Kiwi contains plenty of vitamins, especially vitamin C, the content of which is 4 to 12 times as that of orange. Through the researches in recent years, it is confirmed that kiwi contains a kind of active ingredient, which can block the formation of carcinogenic “nitrosamines” in the human body. As a result, it has a good effect in preventing cancer.

Apple peels contain as many as a dozen cancer-fighting chemical compounds, according to a study conducted by researchers at Cornell University and published in the Journal of Agricultural and Food Chemistry.

“We found that several compounds have potent anti-proliferative activities against human liver, colon and breast cancer cells, and may be partially responsible for the anti-cancer activities of whole apples,” said Rui Hai Liu, an associate professor of food science.

The researchers extracted each individual chemical compound found in the peels of 230 pounds of Red Delicious apples. They then tested these compounds individually against cultures of cancer cells in the laboratory. They identified 12 compounds, called triterpenoids, which inhibited the growth of cancer cells or even killed them.

Top 10 Houseplants for Cleaner Air

Houseplants are our often-overlooked helpers in ridding the air of pollutants and toxins, counteracting outgassing and contributing to balanced internal humidity.

Find out which houseplants are our most effective allies in keeping your household air clean and pure.

It is suggested that one plant should be allowed for approximately 10 square yards of floor space, assuming average ceiling heights of 8 to 9 feet. This means that you need two or three plants to contribute to good air quality in the average domestic living room of about 20 to 25 square yards.

Research has shown that these 10 plants are the most effective all-around in counteracting offgassed chemicals and contributing to balanced internal humidity.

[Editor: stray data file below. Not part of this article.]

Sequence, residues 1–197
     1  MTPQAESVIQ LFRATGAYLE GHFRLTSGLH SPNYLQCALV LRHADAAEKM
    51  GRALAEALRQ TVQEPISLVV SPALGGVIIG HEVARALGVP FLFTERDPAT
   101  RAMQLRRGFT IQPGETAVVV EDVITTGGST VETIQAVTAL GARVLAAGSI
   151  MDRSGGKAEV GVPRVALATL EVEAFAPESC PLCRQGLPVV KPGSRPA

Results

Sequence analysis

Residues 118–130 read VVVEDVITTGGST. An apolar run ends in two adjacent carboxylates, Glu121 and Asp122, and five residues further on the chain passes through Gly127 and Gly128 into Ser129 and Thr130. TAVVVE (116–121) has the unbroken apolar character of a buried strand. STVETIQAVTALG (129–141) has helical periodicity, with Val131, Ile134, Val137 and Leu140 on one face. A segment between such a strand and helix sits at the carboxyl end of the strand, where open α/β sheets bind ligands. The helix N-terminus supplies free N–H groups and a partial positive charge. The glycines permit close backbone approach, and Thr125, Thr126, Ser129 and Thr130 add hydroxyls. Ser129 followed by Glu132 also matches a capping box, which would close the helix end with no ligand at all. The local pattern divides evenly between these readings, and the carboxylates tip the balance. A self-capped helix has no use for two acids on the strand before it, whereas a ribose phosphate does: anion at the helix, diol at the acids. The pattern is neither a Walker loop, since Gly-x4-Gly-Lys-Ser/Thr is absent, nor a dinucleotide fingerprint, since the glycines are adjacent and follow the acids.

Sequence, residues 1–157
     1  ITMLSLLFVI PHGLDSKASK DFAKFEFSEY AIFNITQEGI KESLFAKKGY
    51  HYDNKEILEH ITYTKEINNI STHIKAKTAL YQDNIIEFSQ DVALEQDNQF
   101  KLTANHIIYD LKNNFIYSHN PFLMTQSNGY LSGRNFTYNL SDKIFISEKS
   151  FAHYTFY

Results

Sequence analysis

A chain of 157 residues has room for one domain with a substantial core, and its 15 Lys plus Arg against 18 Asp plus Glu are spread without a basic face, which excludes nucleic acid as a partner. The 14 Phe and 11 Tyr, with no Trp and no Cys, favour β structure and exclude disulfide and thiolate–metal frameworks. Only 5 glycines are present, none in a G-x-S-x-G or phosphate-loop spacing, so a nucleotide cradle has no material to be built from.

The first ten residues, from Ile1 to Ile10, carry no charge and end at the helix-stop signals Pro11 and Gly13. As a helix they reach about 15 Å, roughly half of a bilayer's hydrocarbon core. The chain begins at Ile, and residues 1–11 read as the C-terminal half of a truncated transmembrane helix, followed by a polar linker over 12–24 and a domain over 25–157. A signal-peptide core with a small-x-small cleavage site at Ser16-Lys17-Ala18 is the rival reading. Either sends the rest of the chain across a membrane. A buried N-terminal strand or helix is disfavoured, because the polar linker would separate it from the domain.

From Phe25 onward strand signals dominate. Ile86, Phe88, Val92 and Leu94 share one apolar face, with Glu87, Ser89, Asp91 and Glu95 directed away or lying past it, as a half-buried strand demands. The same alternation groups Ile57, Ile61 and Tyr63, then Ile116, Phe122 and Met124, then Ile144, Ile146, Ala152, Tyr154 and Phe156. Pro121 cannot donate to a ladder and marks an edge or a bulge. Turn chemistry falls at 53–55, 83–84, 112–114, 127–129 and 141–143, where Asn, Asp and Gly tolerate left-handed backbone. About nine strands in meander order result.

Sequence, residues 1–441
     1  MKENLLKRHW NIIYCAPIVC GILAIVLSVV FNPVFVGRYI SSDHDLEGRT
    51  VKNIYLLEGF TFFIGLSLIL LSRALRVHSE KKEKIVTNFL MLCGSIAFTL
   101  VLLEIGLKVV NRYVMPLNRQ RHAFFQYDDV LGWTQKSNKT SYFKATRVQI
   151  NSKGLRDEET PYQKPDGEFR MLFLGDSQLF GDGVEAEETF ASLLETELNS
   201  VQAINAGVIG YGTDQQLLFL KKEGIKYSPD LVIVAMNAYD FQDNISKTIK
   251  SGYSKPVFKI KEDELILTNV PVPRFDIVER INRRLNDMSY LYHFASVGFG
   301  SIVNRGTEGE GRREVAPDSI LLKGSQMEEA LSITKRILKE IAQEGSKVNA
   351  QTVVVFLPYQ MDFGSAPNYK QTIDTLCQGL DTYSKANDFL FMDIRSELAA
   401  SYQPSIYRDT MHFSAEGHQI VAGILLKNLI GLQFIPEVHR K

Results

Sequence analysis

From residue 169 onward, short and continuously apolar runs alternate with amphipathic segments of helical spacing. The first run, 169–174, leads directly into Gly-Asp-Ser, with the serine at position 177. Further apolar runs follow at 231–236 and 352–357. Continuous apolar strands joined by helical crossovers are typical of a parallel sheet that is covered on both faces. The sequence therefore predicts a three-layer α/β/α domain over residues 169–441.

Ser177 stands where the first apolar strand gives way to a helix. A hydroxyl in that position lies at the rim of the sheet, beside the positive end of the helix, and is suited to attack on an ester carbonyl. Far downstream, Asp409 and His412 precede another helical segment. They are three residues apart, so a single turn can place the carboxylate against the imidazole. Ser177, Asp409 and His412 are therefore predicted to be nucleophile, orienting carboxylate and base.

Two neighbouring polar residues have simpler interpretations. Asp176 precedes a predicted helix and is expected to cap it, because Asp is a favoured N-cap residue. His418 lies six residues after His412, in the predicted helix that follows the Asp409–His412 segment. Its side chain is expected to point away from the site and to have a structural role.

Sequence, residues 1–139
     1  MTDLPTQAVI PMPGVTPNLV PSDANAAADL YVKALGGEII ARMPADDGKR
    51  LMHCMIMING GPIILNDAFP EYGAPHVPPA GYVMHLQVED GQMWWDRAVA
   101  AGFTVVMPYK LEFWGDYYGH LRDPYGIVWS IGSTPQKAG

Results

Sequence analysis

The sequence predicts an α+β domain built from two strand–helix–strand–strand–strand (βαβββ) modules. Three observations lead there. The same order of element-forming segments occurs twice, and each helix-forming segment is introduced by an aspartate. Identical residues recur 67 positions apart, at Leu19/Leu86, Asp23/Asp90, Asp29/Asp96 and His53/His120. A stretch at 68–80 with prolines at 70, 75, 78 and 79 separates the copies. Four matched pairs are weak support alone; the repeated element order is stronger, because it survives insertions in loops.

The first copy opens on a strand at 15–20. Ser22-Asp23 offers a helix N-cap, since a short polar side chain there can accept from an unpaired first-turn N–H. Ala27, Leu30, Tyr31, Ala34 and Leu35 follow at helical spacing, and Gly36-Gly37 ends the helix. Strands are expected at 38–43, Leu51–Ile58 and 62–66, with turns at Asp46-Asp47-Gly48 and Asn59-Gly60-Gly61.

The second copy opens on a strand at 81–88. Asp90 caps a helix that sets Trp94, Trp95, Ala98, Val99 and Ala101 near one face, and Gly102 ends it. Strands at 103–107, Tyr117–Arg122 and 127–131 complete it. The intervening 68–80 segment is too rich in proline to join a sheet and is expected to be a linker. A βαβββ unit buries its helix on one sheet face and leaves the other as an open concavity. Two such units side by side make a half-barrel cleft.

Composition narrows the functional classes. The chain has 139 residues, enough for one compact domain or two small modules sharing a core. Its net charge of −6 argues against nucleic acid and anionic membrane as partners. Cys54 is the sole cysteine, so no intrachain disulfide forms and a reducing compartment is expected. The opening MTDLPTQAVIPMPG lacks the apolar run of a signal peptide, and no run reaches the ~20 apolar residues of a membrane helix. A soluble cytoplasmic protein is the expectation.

• Areca palm
  • Reed palm
  • Dwarf date palm
  • Boston fern
  • Janet Craig dracaena
  • English ivy
  • Australian sword fern
  • Peace Lily
  • Rubber plant
  • Weeping fig

Although many plants like light, they do not all have to be placed near windows. Many indoor plants originated in the dense shade of tropical forests and have a high rate of photosynthesis. These are ideal for the home and can be placed in darker corners. When positioning plants, try to strike a balance between light and ventilation because the effect of plants on indoor air pollution appears to be reduced if they are set in a draft.

Read more: HomeHealth & Safety

Adapted from Your Naturally Healthy Home, by Alan Berman.Copyright (c) 2001 by Francis Lincoln Limited. Reprinted by permission of Rodale Press.
Adapted from Your Naturally Healthy Home, by Alan Berman.

Read more: http://www.care2.com/greenliving/top-ten-houseplants-for-cleaner-air.html#ixzz1zhcv8uPW

more links:



“Health Risks of Sugar Substitutes”


Sep 23, 2009 | By Richard Nilsen

Sugar substitutes have been under controversy for some time in their relationship to their carcinogenic properties and how they may cause health problems. There have been links to different types of cancers associated with various labeled sweeteners, but according to the National Cancer Institute, “studies of other FDA-approved sweeteners have not demonstrated clear evidence of an association with cancer in humans.” Sugar substitutes are used every day, and, when used in moderation, they are not a health threat.


High-fructose syrup is corn syrup in which fructose has been added to make it sweeter. It is a manmade product. Fructose it is a free molecule that the body doesn’t know what to do with and may be a cause of heart disease and degenerative illnesses. Many soft drinks contain high-fructose corn syrup.


Saccharin, marketed as Sweet ‘n’ Low, is a synthetic sweetener that has been associated with bladder cancer in animals when combined with cyclamate, according to the National Cancer Institute. It is labeled as being hazardous to your health. However, the NCI states on its website that later studies did not provide evidence of the same problem.


Sorbitol/mannitol are alcohol-derived sugars that may cause serious gastric distress, gas cramps and flatulence. They are used in sugar-free chewing gum.


Aspartame, marketed as NutraSweet and Equal, is a synthetic sweetener found in diet sodas can actually turn into formaldehyde at normal body temperatures, according to Holisticmed.com. This is because it turns into methanol and then can turn into formaldehyde. Apartame has been associated with weight gain, brain tumors and breast cancer.


Sucralose, marketed as Splenda, is another synthetic sugar substitute that has been associated with weight gain, brain tumors and breast cancer.


Article reviewed by Brad Walters Last updated on: Sep 23, 2009

Read more: http://www.livestrong.com/article/24523-health-risks-sugar-substitutes/#ixzz1yuGCI4gx